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COVID-19 pandemic affects mental health

Posted at 9:25 PM, Sep 27, 2020

SALT LAKE CITY — A lot of people are feeling the effects on their mental health because of COVID-19, especially when there is a spike in cases and outlooks change.

Utah is experiencing its fourth day in a row of more than 1,000 new positive cases, and while that's cause for concern, it is also affecting those who are already strained by the virus as it pertains to mental health.

"There are more of us in our general population that are endorsing having symptoms of depression and anxiety,” said Dr. Travis Mickelson, the medical director of mental health integration at Intermountain Healthcare. “Alcohol and substance abuse-related emergency departments have increased… Suicide rates have increased.”

While the need increases during stressful times, the reality is that most people who are in need of services don’t ask for them.

“Most people that are really struggling out there aren’t asking for help” Mickelson said. “Sometimes we need to avoid… But substance abuse is really an example of an avoidance technique.”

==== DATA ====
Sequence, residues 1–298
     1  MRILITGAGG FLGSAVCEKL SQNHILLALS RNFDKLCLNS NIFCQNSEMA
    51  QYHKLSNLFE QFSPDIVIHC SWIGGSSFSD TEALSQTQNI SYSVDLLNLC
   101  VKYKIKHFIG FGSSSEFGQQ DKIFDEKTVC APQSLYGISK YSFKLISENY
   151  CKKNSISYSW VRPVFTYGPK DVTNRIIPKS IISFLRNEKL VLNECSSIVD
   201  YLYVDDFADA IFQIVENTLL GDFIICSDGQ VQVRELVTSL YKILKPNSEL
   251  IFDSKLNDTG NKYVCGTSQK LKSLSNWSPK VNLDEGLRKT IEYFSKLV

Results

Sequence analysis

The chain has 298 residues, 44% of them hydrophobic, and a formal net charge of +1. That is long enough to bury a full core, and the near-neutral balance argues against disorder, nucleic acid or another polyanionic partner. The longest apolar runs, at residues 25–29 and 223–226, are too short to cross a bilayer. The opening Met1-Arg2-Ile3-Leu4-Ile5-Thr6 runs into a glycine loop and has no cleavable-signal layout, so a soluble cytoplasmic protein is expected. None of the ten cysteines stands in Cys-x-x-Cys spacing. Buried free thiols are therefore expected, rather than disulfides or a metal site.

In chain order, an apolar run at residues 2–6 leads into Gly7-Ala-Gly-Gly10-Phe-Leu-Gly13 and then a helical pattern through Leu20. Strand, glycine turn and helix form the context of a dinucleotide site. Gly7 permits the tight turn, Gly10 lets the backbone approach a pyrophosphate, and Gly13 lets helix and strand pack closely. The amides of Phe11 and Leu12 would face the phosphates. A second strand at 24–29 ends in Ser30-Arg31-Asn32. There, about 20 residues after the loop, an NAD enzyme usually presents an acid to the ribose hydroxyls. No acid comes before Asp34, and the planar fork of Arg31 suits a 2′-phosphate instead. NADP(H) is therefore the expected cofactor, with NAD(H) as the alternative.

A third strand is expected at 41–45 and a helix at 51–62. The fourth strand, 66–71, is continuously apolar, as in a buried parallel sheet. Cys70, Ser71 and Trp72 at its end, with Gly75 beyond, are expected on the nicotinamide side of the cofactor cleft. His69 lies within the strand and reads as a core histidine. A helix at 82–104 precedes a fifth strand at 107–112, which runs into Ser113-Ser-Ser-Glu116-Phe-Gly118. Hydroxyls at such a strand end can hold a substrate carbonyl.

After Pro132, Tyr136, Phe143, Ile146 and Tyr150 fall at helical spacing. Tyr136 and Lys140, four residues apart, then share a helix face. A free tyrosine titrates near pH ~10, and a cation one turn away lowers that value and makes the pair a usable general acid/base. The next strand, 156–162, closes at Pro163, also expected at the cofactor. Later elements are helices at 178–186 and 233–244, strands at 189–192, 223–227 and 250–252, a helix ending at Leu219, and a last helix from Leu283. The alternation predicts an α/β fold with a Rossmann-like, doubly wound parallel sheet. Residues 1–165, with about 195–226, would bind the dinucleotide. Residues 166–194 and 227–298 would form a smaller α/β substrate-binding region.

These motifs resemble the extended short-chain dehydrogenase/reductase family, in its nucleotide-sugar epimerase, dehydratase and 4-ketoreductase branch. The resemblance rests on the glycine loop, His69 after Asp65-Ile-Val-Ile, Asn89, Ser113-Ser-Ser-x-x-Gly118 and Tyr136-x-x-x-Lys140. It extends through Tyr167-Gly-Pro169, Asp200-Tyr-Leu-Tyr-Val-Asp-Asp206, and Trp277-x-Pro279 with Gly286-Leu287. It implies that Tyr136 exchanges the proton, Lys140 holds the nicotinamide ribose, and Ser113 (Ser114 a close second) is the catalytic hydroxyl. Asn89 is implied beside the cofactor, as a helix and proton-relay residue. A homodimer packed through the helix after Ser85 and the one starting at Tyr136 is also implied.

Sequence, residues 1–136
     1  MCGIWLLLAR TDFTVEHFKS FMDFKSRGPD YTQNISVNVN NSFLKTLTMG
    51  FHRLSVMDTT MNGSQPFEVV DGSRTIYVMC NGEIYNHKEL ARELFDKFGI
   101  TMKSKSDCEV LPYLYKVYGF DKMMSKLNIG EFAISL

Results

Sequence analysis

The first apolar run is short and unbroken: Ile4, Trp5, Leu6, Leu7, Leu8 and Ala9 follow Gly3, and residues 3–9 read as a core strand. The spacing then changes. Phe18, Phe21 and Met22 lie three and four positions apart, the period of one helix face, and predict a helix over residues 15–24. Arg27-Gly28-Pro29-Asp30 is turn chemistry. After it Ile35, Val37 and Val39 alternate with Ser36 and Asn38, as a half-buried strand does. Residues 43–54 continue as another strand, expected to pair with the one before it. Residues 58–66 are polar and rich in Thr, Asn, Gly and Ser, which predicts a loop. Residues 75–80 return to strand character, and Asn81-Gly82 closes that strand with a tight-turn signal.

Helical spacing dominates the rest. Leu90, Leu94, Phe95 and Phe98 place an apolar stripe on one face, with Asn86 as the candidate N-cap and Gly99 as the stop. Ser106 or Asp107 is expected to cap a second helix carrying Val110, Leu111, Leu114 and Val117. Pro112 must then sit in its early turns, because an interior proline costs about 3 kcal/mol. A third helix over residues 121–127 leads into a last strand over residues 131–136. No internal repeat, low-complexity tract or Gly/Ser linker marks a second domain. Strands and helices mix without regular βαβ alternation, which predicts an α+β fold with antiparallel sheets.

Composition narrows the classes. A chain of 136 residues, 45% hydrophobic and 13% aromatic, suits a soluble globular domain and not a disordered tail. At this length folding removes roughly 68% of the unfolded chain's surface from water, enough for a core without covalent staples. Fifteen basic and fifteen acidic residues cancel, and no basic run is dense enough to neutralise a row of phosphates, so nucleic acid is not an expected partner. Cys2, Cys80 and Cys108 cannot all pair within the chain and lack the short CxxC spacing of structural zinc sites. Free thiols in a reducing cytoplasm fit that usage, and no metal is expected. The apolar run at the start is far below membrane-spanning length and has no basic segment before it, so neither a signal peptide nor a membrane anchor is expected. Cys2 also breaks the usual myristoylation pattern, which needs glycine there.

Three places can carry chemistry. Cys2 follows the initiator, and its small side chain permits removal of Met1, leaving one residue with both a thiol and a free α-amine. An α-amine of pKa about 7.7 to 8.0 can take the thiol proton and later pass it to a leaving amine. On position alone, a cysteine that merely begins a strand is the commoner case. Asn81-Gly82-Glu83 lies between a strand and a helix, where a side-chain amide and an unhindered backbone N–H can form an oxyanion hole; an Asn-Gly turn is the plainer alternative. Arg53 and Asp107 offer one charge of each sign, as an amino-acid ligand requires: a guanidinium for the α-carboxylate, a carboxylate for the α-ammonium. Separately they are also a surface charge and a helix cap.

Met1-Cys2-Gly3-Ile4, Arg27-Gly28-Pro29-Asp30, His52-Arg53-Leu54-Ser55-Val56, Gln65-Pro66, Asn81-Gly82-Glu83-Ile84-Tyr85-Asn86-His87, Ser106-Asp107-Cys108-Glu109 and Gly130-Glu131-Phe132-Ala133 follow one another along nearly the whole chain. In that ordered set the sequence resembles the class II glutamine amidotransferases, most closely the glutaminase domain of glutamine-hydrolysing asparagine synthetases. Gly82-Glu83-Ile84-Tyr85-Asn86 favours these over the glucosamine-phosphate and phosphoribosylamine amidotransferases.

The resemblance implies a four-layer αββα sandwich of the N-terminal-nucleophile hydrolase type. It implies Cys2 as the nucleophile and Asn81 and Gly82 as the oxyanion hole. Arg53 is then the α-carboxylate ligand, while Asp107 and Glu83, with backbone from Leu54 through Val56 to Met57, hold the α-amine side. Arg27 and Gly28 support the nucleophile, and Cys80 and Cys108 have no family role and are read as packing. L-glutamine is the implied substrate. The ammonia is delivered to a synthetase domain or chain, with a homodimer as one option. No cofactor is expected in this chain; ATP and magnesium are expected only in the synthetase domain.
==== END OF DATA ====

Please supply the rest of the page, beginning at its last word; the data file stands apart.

There are some healthy ways to face these feelings head-on, some of which Mickelson laid out:

  1. Focus on what is in your control instead of things that you can’t — like the virus itself.
  2. Communicate your feelings to those you trust like family members and friends, along with seeking professional help. Talking to those around you will also help them recognize when you are having issues and help you better.
  3. Set aside time each day and schedule something that relaxes you, whether it be music, walking, exercising or something else you enjoy.

There is a bit of good news — because so many are in need of mental health services right now, there is a lot of access to various programs.

Intermountain offers the Free Emotional Health Relief Hotline. The number is 833-442-2211 and is staffed with those able to answer your concerns about mental health.

Ultimately, Mickelson says he hopes anyone that feels they need it seeks treatment.

"Seeking help and asking for help is not a sign of weakness," he said. "It's a great sign of strength, and there are a lot of resources out there.”